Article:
24 June 2010
In chapter 6 McCloud explains how as a child we begin with reading books that have tons of pictures because they are more comprehendable to us at that age, then as we age we move to books with less and less pictures until we reach the comics without pictures, novels, "or perhaps as is sadly the case these days, to no books at all!" Human vocabulary has vastly developed in the same general way as we develop from infancy to adulthood, we began 15,000 years ago in the Golden Age of Cave Painting where most art was pictorial representational and similiar to our children's books, where as others were very iconic and acted as symbols rather than pictures, sort of like a language for this time period, which is similiar yo our novels. As words became more elaborate and explanatory with details, pictures became more symbolic and representational.
To begin chapter two McCloud introduces us to the painting "The Treachery of Images" by Magritte. The subject matter of the painting is obviously a common tobacco pipe, although the text on the painting reads "This is not a pipe." But as McCloud explains this is really not a pipe, it's not a photo of a pipe, nor is it the drawing of one. It is actually ten printed copied of a drawing of a painting of a pipe, when it's considered that every panel represents one single copy of the painting. This is an example to the use of icons in comics. Icons represent any image used to represent a person, place, thing, or idea (any noun to make it easier). If comics are the language, "words, pictures, and other things are the vocabulary." There are a lot more to comics than meets the eye!
I was particularly drawn to how he explains how our mind perceives icons, they represent nothing to people who are out of the common culture it is used in. For example, when I was in London the currency there is pounds, and it has its own icon to represent it. Here in the United States we use the Dollar which is totally different. The two represent the same thing, currency, but it's used differently in icon ism based on the geographic and cultural difference. No culture's Icons are exactly alike, there may be many similarities but there is always gonna be one icon that is different in every culture.
I know that I didn’t touch all areas of Eco’s writing but he provided some much information that for a non-comic book reader, such as myself, was overwhelmed and couldn’t really get a good grasp on what he trying portray. But I do have one question?
Is there really a correct definition for a super hero?
23 June 2010
In 1962, writer and academic Umberto Eco published an essay called “The Myth of Superman,” in which he outlined how Superman (and superheroes in general) didn’t fit the traditional concept of a mythological hero due to the nature of capitalism and the episodic nature of Superman’s life. In essence, Superman has countless adventures over decades, all of which take place in a continuous present, while he remains the same approximate age. His story has a beginning, but it will never reach its end; but more importantly, he can never make progress, can never develop as a human being.Umberto Eco is essentially treating Superman as a mythical character, and utilizing this character as a sign for us as human beingEco was concerned with delineating the features of a 'closed' text - a classic Superman story is 'closed,' in Eco's terminology, because it is designed to elicit a predetermined response - the mythological iteration of the Superman character. Therefore, nothing can happen in a Superman tale which advances the hero along the life-path: he cannot marry, reproduce or grow old.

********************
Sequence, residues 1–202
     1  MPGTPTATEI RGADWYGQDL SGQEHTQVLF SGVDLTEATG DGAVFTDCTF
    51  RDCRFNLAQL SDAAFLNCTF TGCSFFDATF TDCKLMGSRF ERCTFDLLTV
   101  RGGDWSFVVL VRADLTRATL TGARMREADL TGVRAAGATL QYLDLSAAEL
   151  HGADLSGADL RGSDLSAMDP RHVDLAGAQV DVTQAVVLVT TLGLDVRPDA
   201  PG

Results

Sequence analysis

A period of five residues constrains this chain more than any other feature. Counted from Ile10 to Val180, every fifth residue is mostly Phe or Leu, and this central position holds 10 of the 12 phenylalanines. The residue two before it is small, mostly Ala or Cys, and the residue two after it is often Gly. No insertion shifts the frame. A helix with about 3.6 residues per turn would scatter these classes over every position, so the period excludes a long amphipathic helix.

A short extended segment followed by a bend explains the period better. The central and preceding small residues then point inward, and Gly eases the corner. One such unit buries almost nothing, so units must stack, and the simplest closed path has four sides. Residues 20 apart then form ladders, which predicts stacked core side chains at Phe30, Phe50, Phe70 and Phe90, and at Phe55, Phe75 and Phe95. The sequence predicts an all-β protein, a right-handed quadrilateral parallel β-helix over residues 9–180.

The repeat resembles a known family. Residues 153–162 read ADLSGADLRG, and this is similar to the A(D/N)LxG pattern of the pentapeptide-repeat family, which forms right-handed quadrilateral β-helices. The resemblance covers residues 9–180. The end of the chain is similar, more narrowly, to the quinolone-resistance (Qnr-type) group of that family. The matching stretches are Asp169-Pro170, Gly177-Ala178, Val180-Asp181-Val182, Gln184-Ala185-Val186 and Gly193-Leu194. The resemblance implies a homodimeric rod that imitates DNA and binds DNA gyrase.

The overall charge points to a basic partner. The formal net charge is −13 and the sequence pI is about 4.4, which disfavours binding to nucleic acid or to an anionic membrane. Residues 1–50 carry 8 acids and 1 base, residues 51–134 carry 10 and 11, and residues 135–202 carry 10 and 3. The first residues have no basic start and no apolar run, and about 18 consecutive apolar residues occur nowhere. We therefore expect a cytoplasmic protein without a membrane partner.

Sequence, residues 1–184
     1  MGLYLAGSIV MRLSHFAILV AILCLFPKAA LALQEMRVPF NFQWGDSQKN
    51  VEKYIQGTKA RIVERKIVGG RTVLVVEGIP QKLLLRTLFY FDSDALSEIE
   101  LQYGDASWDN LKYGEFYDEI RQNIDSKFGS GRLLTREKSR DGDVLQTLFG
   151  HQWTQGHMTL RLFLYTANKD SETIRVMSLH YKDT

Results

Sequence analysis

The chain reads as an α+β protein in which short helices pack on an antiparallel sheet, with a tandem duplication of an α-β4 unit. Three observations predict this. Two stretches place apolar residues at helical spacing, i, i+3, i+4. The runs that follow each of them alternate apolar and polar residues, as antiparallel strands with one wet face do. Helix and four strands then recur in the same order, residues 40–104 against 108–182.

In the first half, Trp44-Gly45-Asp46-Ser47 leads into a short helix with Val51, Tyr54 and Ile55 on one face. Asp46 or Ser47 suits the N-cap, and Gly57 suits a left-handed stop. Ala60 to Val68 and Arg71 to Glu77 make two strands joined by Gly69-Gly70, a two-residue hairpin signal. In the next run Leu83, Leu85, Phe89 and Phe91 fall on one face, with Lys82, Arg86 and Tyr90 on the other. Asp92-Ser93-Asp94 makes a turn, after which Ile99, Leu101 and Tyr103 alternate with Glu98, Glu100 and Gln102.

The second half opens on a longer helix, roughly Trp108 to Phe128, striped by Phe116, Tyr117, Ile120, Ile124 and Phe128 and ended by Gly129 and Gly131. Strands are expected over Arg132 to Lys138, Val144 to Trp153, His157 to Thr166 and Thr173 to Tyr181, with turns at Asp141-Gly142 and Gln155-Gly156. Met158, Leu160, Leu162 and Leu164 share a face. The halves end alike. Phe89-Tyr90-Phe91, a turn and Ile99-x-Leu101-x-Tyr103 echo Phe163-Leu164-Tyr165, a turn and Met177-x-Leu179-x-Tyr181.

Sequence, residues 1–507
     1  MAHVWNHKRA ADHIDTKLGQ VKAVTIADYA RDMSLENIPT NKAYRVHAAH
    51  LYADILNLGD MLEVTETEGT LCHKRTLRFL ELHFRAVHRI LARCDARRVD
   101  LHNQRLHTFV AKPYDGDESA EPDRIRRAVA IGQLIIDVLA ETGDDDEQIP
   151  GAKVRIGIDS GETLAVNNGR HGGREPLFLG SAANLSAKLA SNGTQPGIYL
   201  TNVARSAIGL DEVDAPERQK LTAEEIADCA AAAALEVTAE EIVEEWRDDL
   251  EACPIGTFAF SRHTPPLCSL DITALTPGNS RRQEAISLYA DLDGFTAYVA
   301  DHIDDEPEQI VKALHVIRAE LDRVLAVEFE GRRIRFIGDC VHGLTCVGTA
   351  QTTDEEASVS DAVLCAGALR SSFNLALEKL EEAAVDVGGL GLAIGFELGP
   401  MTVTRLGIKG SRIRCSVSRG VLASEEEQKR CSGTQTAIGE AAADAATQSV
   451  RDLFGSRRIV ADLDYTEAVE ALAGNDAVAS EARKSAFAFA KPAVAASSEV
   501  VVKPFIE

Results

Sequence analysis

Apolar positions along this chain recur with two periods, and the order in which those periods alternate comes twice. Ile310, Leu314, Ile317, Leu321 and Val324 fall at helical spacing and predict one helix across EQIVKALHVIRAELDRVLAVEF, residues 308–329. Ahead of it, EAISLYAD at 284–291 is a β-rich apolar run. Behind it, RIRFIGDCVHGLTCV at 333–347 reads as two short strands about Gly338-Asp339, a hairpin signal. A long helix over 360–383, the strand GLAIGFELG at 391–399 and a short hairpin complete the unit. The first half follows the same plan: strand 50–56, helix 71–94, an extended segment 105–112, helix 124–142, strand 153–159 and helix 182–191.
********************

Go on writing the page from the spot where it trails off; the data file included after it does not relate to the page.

I think Eco's comment holds true for all comic book characters in a general sense. Their core personas have to remain the same so they are recognizable generation after generation. That said, what keeps comic books vital is each generation's different interpretations of core personas. The characters also appear in story arcs or graphic novels that take into account current events. Superman has definitely changed over the decades. In the Forties and Fifties, the stories were nearly always short and self-contained, but in the Sixties they began to take on a somewhat bigger scope. It was the reboot of the character in the Eighties that produced the biggest changes, though. Suddenly Clark Kent wasn't an orphan anymore, since Ma and Pa Kent were still alive. Lois eventually discovered that Clark was really Superman, and I think they're married in the current continuity, but don't hold me to that. The stories have become much more epic over the past 25 years, running for many, many issues and sometimes tying in to a multitude of other titles.
Whether or not this is a good thing is, of course, in the eye of the beholder.
22 June 2010
The entire comic industry needs to be reinvented from the ground up. At least according to Scott McCloud in Reinventing Comics it does, and he makes a convincing argument. In the introduction he outlines “The Twelve Revolutions.” These revolutions are twelve areas in comics McCloud focuses on in their reinvention. In a later chapter entitled “Big World: the Battle for Diversity” McCloud breaks down three of those revolutions: gender, minority, and genre diversity.